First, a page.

05 March 2012

Iowa passes Ag-Gag law to protect factory farms

In the past if a factory farm was caught allowing animal cruelty, there was a good chance legal action would be taken, against the farm of course. Well now in Iowa legal action will still be taken, but not against the farm but the people or organizations who are trying to prevent the animal cruelty. Yes that's right, now in Iowa if you video tape animal abuse, you are a criminal.

Iowa's Governor, Terry Branstad, signed a bill which makes it criminal for undercover investigations to expose cruelty, corporate abuse, dangerous working conditions, and food safety concerns on factory farms.

The Governor gave into pressure from large agribusiness to create a protective bubble that will shield these abuses. The law basically says its ok for animal cruelty to occur on Iowa’s farms, just hide it from the public.

Organizations like Mercy For Animals and the Humane Society of the United States who work with undercover investigators could now find themselves being prosecuted. These organizations were founded on the belief that all living creatures deserve to be treated with compassion and not abused for profit. The thought of protecting the people and the businesses that allow this abuse in the year 2012, in the United States, shows that there is something very wrong with the system.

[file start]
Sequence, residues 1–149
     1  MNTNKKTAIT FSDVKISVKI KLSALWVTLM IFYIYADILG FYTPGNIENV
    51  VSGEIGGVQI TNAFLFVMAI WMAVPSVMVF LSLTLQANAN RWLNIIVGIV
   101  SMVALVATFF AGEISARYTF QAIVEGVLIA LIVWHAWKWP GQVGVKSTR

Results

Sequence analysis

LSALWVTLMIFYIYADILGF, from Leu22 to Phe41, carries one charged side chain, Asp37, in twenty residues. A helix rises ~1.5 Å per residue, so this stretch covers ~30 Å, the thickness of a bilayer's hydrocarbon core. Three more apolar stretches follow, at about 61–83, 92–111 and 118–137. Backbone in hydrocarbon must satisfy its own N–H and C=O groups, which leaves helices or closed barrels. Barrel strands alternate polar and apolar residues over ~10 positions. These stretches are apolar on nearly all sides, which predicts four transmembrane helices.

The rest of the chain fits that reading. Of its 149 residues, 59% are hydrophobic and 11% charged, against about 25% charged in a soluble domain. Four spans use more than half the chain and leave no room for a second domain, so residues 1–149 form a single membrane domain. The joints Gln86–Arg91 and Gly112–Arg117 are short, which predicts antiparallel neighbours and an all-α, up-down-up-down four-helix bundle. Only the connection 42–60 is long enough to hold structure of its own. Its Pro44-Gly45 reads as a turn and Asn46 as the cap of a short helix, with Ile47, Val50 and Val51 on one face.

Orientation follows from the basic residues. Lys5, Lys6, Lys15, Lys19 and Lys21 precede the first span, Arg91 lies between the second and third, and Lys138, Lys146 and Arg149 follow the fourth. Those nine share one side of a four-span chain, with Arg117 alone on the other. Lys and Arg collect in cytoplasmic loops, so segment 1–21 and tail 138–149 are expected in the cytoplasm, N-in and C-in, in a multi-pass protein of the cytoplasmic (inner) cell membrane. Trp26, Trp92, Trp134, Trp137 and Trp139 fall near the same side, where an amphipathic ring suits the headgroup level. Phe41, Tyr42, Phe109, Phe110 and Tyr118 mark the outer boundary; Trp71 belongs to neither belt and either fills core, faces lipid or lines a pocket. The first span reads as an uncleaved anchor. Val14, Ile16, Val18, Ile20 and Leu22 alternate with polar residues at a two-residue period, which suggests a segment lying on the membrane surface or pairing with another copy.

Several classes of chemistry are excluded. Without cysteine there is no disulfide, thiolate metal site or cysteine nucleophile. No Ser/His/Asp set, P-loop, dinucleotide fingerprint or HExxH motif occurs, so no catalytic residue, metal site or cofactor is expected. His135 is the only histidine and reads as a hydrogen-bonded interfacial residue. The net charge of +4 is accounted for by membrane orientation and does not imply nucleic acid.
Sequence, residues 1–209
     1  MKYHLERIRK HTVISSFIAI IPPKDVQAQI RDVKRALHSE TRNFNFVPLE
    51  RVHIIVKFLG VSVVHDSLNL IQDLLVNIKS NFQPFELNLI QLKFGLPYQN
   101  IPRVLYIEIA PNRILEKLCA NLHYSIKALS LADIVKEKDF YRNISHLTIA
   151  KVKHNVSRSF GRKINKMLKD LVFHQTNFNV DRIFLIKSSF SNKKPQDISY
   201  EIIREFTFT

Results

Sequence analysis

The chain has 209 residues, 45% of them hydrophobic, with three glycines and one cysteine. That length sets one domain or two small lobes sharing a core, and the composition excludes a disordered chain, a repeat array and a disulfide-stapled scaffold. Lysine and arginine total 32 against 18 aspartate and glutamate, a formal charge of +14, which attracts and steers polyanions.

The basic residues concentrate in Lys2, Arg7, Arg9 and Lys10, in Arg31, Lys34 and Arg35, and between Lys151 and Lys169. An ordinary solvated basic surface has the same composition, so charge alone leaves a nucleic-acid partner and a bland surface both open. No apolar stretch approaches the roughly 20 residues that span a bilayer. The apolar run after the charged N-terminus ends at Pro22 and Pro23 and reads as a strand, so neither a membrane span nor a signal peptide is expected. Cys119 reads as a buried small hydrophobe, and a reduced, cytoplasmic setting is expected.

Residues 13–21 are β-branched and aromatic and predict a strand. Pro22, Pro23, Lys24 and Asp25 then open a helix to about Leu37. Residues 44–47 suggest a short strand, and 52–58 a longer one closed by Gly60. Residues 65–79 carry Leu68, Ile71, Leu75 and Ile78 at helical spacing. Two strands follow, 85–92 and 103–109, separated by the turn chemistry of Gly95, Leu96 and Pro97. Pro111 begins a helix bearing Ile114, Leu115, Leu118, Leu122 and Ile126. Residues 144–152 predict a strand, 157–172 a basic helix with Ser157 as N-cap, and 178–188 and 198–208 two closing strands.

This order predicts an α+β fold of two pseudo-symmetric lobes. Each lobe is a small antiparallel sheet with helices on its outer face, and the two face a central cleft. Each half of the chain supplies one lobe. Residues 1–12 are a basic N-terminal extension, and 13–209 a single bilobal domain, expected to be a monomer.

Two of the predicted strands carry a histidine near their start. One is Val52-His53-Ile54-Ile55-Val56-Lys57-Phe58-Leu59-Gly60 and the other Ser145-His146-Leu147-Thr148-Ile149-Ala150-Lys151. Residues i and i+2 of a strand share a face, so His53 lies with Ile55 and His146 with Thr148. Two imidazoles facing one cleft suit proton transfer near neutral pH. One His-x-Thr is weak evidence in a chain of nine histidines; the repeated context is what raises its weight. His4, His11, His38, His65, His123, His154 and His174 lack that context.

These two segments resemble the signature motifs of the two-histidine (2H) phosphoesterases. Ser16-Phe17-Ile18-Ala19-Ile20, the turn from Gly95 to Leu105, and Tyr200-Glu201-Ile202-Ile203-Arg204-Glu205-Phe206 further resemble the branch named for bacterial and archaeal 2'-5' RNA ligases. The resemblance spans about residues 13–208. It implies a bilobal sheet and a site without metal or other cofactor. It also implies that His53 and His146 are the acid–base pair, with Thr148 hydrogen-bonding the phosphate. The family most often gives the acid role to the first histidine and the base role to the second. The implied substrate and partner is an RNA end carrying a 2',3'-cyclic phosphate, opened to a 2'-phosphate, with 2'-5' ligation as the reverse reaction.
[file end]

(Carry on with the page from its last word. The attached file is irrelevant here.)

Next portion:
What can we do?

Stop the Ag-Gag - legislation to criminalize the exposing of animal cruelty is now being considered in the following states. If you live in one of these states, please take action below:

Illinois: HB 5143 - Take Action
New York: S 5172 - Take Action
Utah: HB 187 - Take Action
Indiana: SB 184 (bill pending)
Minnesota: HF 1369/ SF 1118 (bill pending)
Missouri: SB 695 (bill pending)
Nebraska: LB 915 (bill pending)

If you live in Iowa, and you agree this law is wrong, write your Governor.

Or go vegan, it's the easiest way to voice your opinion.

John Himmelberger | Blog | Facebook| @johnhimm
Maryland John lives in Maryland where he works as a sales manager. John and his wife Eileen’s pursuit to achieve optimum health combined with a desire to send a strong message to factory farming, inspired them to examine what they put into their bodies. Now a vegan, John has great admiration for groups like Farm Sanctuary and hopes to influence others by sharing his positive experiences.

Photo credit:cc:flickr.com/photos/montztermash